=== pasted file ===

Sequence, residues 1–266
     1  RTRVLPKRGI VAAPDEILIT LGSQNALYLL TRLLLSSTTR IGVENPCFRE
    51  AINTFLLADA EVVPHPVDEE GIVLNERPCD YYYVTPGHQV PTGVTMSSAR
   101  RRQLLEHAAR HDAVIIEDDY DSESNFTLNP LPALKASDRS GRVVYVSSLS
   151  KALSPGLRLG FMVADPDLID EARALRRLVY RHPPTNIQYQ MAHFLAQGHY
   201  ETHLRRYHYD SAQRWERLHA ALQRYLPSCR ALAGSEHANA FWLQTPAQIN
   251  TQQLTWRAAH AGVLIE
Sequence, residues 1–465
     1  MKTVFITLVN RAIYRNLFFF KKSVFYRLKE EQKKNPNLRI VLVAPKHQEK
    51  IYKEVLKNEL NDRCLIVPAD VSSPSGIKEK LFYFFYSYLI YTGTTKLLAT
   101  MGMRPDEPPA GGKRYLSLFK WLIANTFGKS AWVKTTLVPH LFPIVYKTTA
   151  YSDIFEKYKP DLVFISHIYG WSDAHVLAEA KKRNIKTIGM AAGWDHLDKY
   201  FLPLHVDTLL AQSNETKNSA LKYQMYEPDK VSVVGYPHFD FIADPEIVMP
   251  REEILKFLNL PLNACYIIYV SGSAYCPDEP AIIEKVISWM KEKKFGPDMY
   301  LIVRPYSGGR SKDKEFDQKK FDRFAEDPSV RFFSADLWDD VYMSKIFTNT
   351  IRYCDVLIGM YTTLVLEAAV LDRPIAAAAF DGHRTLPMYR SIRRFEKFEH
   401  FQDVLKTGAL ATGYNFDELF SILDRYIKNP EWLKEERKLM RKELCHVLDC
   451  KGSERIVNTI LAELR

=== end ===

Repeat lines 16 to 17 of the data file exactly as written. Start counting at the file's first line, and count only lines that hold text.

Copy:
   351  IRYCDVLIGM YTTLVLEAAV LDRPIAAAAF DGHRTLPMYR SIRRFEKFEH
   401  FQDVLKTGAL ATGYNFDELF SILDRYIKNP EWLKEERKLM RKELCHVLDC